Chinese Gold Demand Up in 2023 Even With Soaring Prices

Mike Maharrey Mike Maharrey

Mike Maharrey

January 20th, 2024 Comments

Chinese gold demand improved in 2023 even as the price in yuan soared.

China ranks as the world’s biggest gold market, and Chinese demand has a significant impact on the global gold market.

Gold charted a 17 percent increase in yuan terms and was the second-best-performing asset class in China. Only global stocks outperformed gold in renminbi terms.

Gold was up 14 percent in dollar terms in 2023.

According to the World Gold Council, “geopolitical risks, sizable central bank purchases – and intensifying expectations of major central banks lowering rates” supported gold in 2023.

Even with rising prices, wholesale gold demand was up in 2023.

Gold withdrawals from the Shanghai Gold Exchange (SGE) totaled 1,687 tons in 2023, a 7 percent year-on-year increase. Wholesale demand was 3 percent above the 5-year average.

According to the World Gold Council, gold’s “eye-catching performance and strong local and global central bank purchases led to extensive coverage by local media.”

And gold’s attractiveness was further boosted by the increasing need of households to preserve value: the local gold price’s outstanding performance drew their attention when the currency other major assets weakened.

The WGC said innovations by jewelry manufactures and expanding product ranges that adapted to evolving consumer preferences also boosted gold’s appeal. 

China Daily reported a 12.2 percent increase in gold and silver jewelry sales through the first three quarters of 2023. According to the president of the Gems & Jewelry Trade Association of China, the jewelry sales nearly doubled growth in the overall retail sector.

According to China Daily, jewelry exports recovered to pre-pandemic levels, with the total value reaching about 66.7 billion in 2022. That represents an 18 percent increase compared to 2019. The overall export value of jewelry from January to June 2023 came in at 39.4 billion yuan, a 13.3 percent increase over the same period last year.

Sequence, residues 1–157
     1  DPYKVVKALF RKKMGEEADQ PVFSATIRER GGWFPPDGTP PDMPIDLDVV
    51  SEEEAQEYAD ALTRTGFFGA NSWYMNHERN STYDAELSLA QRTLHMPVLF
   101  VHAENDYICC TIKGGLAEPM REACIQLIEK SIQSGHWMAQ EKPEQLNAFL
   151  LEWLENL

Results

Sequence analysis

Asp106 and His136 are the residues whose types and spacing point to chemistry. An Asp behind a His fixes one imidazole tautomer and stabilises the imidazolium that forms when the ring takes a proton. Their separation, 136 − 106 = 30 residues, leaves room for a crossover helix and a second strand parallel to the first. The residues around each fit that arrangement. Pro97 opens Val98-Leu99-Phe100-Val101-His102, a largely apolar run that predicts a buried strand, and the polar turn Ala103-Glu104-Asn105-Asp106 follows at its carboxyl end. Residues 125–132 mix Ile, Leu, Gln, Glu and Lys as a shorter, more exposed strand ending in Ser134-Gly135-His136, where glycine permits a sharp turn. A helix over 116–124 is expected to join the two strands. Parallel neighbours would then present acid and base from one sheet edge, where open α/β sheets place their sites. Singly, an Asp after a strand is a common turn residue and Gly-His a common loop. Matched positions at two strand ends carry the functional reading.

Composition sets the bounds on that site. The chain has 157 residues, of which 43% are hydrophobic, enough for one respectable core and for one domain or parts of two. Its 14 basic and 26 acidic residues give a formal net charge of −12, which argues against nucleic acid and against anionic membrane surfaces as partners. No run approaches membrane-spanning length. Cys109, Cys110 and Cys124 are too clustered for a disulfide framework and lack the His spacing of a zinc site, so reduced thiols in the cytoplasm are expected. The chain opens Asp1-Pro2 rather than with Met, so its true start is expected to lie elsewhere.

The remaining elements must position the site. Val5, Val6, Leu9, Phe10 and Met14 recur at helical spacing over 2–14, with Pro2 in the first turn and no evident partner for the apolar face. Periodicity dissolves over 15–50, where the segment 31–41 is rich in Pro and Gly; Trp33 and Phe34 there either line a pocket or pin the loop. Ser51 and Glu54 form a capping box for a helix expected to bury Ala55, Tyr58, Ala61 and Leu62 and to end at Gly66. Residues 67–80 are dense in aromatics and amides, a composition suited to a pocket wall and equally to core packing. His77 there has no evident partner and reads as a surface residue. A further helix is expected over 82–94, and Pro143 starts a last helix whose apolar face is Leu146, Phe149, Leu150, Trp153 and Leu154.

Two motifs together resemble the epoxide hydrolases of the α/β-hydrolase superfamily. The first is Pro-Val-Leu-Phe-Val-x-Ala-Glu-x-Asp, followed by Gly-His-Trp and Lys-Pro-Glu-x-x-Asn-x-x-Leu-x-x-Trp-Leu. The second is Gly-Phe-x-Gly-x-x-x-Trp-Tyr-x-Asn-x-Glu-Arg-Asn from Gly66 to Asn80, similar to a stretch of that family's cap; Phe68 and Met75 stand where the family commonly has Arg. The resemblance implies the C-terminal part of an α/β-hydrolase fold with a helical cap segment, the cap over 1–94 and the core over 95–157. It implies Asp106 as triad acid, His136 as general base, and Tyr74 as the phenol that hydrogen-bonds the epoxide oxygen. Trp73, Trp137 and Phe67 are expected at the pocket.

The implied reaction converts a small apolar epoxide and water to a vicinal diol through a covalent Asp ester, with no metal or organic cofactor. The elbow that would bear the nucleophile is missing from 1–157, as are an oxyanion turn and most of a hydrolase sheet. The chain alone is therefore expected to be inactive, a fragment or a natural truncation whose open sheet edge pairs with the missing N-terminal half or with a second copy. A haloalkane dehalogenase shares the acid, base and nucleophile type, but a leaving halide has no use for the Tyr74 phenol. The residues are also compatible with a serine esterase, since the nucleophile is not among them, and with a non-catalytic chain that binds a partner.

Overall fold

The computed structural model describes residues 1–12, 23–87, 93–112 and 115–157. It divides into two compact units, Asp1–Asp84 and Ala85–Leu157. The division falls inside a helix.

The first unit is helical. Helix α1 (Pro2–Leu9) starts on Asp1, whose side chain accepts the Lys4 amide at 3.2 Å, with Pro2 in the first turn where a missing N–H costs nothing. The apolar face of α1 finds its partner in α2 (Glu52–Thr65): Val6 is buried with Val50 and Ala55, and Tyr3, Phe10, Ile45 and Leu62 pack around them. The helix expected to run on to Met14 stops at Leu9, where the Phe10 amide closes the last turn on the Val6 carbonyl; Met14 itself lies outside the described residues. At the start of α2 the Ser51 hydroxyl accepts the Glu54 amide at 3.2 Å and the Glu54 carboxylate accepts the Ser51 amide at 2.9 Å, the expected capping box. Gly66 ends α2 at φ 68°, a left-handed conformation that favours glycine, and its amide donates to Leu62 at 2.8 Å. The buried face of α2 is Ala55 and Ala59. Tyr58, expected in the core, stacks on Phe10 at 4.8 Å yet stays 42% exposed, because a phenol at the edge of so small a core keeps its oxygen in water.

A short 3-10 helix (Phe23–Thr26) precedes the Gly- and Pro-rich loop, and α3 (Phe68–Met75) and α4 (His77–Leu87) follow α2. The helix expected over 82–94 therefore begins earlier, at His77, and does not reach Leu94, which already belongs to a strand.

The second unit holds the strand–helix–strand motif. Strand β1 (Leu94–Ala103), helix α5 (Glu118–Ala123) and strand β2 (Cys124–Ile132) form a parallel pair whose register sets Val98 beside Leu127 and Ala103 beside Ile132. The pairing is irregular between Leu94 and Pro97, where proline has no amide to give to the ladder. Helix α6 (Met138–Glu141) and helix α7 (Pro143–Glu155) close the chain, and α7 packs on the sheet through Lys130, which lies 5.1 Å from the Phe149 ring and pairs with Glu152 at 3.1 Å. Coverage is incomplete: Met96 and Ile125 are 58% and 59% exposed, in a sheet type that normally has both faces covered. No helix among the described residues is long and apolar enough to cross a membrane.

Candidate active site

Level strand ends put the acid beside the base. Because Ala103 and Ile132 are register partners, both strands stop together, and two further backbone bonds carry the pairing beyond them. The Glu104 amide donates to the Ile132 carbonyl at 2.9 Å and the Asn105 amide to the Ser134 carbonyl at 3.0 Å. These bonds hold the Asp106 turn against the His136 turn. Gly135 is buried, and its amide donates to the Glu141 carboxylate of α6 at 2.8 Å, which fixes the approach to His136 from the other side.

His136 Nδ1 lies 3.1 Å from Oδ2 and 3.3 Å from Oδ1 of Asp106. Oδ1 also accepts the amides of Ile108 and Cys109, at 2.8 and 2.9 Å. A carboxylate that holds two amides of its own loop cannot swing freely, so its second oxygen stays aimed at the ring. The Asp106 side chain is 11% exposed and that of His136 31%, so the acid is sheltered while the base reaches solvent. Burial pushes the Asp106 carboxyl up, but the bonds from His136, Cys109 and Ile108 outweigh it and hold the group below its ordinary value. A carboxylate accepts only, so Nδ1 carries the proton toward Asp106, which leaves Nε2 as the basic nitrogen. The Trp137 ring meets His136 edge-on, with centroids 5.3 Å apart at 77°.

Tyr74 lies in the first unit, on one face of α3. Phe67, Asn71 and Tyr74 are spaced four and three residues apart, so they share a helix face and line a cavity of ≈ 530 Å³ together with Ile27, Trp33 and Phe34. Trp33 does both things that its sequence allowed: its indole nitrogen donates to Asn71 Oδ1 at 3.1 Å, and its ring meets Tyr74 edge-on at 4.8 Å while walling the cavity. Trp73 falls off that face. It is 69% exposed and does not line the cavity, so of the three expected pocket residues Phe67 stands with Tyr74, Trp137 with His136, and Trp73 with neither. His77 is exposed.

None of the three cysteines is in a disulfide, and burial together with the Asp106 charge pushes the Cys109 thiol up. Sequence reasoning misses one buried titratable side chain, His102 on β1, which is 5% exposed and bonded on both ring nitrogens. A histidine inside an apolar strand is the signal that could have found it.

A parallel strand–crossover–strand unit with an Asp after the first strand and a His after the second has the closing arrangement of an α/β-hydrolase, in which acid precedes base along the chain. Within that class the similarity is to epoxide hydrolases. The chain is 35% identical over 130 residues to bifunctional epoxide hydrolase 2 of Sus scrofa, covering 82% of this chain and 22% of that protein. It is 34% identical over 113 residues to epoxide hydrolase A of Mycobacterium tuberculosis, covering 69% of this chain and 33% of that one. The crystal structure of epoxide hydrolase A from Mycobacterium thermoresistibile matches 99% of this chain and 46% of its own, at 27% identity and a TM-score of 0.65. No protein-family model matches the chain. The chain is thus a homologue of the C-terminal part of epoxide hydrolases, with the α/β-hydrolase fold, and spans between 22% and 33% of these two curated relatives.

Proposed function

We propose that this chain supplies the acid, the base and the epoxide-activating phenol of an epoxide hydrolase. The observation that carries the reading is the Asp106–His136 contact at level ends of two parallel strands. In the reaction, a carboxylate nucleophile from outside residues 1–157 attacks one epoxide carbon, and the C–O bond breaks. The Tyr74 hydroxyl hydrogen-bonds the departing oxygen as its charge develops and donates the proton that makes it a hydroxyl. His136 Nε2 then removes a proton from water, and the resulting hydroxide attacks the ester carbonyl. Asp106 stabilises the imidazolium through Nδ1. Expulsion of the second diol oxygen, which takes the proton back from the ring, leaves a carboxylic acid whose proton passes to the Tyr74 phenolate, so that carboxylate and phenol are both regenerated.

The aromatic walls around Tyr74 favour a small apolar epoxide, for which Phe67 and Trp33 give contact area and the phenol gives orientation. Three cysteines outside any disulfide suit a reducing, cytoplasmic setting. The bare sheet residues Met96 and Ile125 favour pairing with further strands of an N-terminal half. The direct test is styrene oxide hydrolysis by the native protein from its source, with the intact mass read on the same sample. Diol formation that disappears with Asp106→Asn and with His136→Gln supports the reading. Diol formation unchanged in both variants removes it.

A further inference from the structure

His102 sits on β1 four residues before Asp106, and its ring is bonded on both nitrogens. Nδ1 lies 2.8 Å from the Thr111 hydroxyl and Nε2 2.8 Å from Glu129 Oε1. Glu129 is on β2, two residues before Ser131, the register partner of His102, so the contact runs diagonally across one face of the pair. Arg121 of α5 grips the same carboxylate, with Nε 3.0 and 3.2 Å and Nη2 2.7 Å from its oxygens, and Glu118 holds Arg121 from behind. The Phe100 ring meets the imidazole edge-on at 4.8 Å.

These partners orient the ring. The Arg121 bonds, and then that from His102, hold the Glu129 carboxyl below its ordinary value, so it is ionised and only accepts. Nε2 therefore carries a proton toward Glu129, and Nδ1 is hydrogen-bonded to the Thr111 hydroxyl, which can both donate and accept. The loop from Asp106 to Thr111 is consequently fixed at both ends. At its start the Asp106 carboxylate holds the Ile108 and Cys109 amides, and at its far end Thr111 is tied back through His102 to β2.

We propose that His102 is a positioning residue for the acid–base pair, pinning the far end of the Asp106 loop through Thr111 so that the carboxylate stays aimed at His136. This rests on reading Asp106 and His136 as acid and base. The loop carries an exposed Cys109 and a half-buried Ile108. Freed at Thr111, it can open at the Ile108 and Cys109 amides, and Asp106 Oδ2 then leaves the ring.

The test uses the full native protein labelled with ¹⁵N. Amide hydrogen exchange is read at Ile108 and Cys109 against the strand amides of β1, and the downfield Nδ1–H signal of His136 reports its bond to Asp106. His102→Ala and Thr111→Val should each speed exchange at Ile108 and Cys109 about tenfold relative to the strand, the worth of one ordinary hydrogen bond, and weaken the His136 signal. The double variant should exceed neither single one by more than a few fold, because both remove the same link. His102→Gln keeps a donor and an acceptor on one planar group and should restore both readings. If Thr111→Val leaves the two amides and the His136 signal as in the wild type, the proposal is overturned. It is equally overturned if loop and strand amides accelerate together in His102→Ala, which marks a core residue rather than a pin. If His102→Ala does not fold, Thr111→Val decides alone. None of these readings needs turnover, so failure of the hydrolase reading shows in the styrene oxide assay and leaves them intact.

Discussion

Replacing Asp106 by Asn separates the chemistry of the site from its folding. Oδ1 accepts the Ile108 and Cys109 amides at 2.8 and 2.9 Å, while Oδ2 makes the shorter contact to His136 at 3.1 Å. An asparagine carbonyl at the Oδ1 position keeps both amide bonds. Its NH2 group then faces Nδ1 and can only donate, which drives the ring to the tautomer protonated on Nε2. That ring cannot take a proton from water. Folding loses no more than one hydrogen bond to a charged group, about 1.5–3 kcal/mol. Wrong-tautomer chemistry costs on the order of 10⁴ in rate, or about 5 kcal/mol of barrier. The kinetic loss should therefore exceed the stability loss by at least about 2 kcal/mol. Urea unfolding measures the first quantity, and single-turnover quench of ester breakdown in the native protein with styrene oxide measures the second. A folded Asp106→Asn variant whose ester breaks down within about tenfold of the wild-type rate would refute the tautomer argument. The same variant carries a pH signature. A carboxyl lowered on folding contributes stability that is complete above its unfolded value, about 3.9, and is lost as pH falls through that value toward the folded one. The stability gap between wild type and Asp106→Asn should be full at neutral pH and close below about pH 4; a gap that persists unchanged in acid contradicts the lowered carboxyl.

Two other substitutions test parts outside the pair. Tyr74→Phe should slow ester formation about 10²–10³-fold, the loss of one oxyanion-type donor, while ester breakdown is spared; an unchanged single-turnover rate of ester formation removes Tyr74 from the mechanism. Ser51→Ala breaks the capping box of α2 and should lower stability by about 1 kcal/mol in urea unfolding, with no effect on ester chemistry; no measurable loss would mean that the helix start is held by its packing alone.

This growth in Chinese gold demand happened despite some economic headwinds. As the World Gold Council put it, “China’s economic recovery in 2023 was not a smooth sail and consumers remained cautious in spending.”

COVID-related restrictions were dropped at the end of 2022, a notable rebound in consumer spending and the return to normalcy in all industries fueled China’s growth in early 2023. But the momentum didn’t last, as Q2 and Q3’s growth failed to meet market expectations. The sentiment improved mildly in Q4, pushing 2023’s annual GDP growth to 5.2 percent, above the 5 percent target set by policymakers.

Gold demand wasn't just a function of jewelry sales. Chinese investors were keenly interested in the yellow metal in 2023 as well.

Chinese demand for gold bars and gold coins came in at 82 tons in the third quarter alone. It was a 16 percent increase year-on-year and the strongest Q3 Chinese gold investment demand since 2018. It was also above both the five-year and 10-year third-quarter averages.

Through the first nine months of 2023, investment gold demand was up 26 percent compared to 2022.

Chinese gold-backed ETFs led global inflows last year, adding 10 tons to their holdings. That drove Chinese gold ETF holdings to 61.5 tons with total assets under management reaching 29 billion yuan ($4 billion). 

Strong demand coupled with a decline in gold imports led to a significant price premium in China last year.

The Shanghai-London gold price premium reached an annual average of 1.5 percent ($29 per ounce). It was the highest premium in history. The daily premium record was set on Sept. 14, when the local gold price premium reached $121 per ounce. (6.4 percent).

Chinese central bank gold buying also helped boost the local gold market and helped drive another strong year of central bank demand globally.

The People’s Bank of China began reporting gold purchases again in November 2022 after over a year of silence. Since then, the central bank has announced increases in its gold reserves every single month.

In 2023, the People’s Bank of China officially increased its gold holding by 225 tons. That pushed its official reserves to 2,235 tons as of the end of December. Gold now accounts for 4.3 percent of China’s official foreign exchange reserves.

There has long been speculation that China owns far more gold than it officially reveals. As Jim Rickards pointed out on Mises Daily back in 2015, many analysts believe that China keeps several thousand tons of gold “off the books” in a separate entity called the State Administration for Foreign Exchange (SAFE). 

Mike Maharrey

About the Author:

Mike Maharrey is a journalist and market analyst for with over a decade of experience in precious metals. He holds a BS in accounting from the University of Kentucky and a BA in journalism from the University of South Florida.